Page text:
Old Earth Ministries Online Earth History Curriculum

Presented by Old Earth Ministries (We Believe in an Old Earth...and God!)

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Chapter 11 - The Cretaceous Period

Lesson 55: Dinosaur Extinction


       The Cretaceous傍ertiary extinction event, which occurred approximately 65.5 million years ago (Ma), was a large-scale mass extinction of animal and plant species in a geologically short period of time. Widely known as the K傍 extinction event, it is associated with a geological signature known as the K傍 boundary, usually a thin band of sedimentation found in various parts of the world, that is rich in iridium, a signature element found in meteorites. K is the traditional abbreviation for the Cretaceous Period derived from the German name Kreidezeit, and T is the abbreviation for the Tertiary Period (a historical term for the period of time now covered by the Paleogene and Neogene periods). The event marks the end of the Mesozoic Era and the beginning of the Cenozoic Era. With "Tertiary" being discouraged as a formal time or rock unit by the International Commission on Stratigraphy, the K傍 event is now called the Cretaceous鳳aleogene (or K鳳g) extinction event by many researchers.

Chapter 11 - The Cretaceous Period


 Lesson 53 - Cretaceous Overview
 Lesson 54 - Geologic Features

 Lesson 55 - Dinosaur Extinction

 Lesson 56 - Species In-Depth - Deinonychus




K-T Boundary

Above: A Wyoming (USA) rock with an intermediate claystone layer that contains 1000 times more iridium than the upper and lower layers. Picture taken at the San Diego Natural History Museum (click to enlarge) (Picture Source)

     Because there were no known fossil non-avian dinosaur fossils in rocks younger than the K傍 boundary, scientists have concluded that non-avian dinosaurs became extinct immediately before, or during the event.  Recent discoveries of some non-avian dinosaur fossils above the K-T boundary have been found, indicating that a few species may have survived for a few hundred thousand years after the K-T (see Dinosaur Tombstone).

     Scientists theorize that the K傍 extinctions were caused by one or more catastrophic events, such as massive asteroid impacts (like the Chicxulub impact), or increased volcanic activity. Several impact craters and massive volcanic activity, such as that in the Deccan traps, have been dated to the approximate time of the extinction event. These geological events may have reduced sunlight and hindered photosynthesis, leading to a massive disruption in Earth's ecology. Other researchers believe the extinction was more gradual, resulting from slower changes in sea level or climate.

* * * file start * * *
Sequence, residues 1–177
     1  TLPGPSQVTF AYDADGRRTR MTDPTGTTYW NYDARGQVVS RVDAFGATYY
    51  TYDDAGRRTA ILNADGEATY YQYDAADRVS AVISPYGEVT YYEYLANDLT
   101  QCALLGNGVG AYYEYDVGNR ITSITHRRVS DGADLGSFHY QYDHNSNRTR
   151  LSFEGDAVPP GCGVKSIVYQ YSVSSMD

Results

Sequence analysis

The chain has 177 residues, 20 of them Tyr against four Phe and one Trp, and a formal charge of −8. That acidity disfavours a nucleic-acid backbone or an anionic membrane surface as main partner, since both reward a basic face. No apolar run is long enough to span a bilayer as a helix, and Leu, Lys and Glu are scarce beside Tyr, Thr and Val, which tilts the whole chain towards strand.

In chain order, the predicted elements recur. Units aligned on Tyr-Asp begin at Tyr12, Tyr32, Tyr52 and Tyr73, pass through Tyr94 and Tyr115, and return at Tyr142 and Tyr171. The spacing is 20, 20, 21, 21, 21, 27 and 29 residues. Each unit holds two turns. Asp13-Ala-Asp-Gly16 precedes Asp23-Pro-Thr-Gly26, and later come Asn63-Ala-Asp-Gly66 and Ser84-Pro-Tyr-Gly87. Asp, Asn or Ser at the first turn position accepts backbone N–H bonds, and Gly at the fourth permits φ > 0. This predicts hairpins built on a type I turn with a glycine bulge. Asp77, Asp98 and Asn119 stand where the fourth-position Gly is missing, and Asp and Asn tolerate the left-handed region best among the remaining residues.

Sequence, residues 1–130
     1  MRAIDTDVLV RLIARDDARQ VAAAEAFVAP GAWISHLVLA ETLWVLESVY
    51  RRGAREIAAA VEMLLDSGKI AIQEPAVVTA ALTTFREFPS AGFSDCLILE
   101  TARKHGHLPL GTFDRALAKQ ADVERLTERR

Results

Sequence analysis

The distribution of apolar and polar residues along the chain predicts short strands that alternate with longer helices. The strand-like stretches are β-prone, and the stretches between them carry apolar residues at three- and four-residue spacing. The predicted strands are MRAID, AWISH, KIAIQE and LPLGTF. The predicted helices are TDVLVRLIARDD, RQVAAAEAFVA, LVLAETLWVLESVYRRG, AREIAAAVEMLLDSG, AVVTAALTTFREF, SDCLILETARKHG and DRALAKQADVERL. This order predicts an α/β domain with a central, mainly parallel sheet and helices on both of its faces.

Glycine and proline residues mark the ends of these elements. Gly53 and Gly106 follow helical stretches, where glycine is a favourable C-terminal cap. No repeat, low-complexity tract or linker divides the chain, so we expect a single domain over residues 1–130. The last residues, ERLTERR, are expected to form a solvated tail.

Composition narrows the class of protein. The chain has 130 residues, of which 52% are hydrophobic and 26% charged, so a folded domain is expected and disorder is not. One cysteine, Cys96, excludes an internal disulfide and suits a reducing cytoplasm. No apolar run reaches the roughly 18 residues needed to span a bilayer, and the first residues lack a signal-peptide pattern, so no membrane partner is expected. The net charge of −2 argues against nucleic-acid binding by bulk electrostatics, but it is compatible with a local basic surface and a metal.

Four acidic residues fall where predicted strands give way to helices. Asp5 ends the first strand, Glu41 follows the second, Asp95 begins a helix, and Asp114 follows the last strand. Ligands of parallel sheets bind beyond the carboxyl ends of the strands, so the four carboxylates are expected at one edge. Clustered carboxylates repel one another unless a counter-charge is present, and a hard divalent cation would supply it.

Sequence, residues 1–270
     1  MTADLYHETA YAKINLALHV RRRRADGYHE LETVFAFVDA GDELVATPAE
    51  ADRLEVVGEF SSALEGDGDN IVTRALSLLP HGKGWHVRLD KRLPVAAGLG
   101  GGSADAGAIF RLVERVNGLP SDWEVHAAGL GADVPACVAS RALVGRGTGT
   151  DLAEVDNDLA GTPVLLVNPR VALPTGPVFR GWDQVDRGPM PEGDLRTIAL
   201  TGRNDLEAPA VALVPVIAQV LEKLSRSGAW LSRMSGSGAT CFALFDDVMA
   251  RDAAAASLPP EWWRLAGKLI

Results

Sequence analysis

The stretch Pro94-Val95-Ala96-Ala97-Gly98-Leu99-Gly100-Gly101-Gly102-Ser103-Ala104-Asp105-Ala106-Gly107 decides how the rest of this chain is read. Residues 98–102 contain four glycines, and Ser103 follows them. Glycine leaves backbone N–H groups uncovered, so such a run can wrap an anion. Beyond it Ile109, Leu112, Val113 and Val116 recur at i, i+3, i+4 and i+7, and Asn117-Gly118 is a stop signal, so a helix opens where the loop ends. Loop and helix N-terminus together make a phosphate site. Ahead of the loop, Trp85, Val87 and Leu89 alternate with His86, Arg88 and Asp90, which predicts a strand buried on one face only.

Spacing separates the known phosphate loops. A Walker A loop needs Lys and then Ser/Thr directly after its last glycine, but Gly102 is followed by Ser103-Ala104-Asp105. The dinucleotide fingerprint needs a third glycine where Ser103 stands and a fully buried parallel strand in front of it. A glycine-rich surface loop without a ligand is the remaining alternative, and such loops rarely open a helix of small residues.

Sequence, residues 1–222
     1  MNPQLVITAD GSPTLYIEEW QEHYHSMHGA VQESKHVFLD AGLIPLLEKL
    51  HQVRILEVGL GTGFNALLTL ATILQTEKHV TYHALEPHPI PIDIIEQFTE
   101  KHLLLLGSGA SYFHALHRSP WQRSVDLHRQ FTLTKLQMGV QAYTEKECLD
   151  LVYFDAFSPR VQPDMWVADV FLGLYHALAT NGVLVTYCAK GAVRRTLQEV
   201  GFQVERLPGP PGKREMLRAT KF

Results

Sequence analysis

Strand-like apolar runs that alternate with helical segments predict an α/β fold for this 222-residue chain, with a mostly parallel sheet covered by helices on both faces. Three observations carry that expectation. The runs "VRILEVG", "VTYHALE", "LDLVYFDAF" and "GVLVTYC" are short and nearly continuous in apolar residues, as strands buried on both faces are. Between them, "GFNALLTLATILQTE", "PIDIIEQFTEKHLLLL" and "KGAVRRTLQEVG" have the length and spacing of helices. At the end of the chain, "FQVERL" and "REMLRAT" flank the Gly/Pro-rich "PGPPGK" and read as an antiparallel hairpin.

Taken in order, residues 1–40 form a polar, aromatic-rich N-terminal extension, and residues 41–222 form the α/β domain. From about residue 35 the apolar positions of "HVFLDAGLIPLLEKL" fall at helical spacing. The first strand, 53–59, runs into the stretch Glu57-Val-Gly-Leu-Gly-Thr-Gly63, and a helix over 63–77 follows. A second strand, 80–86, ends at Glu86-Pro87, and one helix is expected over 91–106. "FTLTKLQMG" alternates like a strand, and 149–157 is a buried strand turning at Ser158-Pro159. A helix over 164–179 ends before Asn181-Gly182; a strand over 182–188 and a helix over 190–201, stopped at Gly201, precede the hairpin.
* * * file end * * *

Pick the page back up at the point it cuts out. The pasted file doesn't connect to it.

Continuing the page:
This lesson will not examine the entire scope of the event.  For a more complete description, see the K-T Extinction Event page on Wikipedia. 




     Only one family of pterosaurs, Azhdarchidae, was definitely present at the end of the Cretaceous, and it became extinct at the K傍 boundary. These large pterosaurs were the last representatives of a declining group that contained 10 families during the mid-Cretaceous. Smaller pterosaurs became extinct prior to the Maastrichtian during a period that saw a decline in smaller animal species while larger species became more prevalent. While this was occurring, modern birds were undergoing diversification and replacing archaic birds and pterosaur groups, possibly due to direct competition, or they simply filled empty niches.


Avian Dinosaurs (Birds)


      Most paleontologists regard birds as the only surviving dinosaurs. However, all non-neornithean birds became extinct, including flourishing groups like enantiornithines and hesperornithiforms. Several analyses of bird fossils show divergence of species prior to the K傍 boundary, and that duck, chicken and ratite bird relatives coexisted with non-avian dinosaurs. Neornithine birds survived the K傍 boundary as a result of their abilities to dive, swim, or seek shelter in water and marshlands. Many species of birds can build burrows, or nest in tree holes or termite nests, all of which provided shelter from the environmental effects at the K傍 boundary. Long-term survival past the boundary was assured as a result of filling ecological niches left empty by extinction of non-avian dinosaurs.


Non-avian Dinosaurs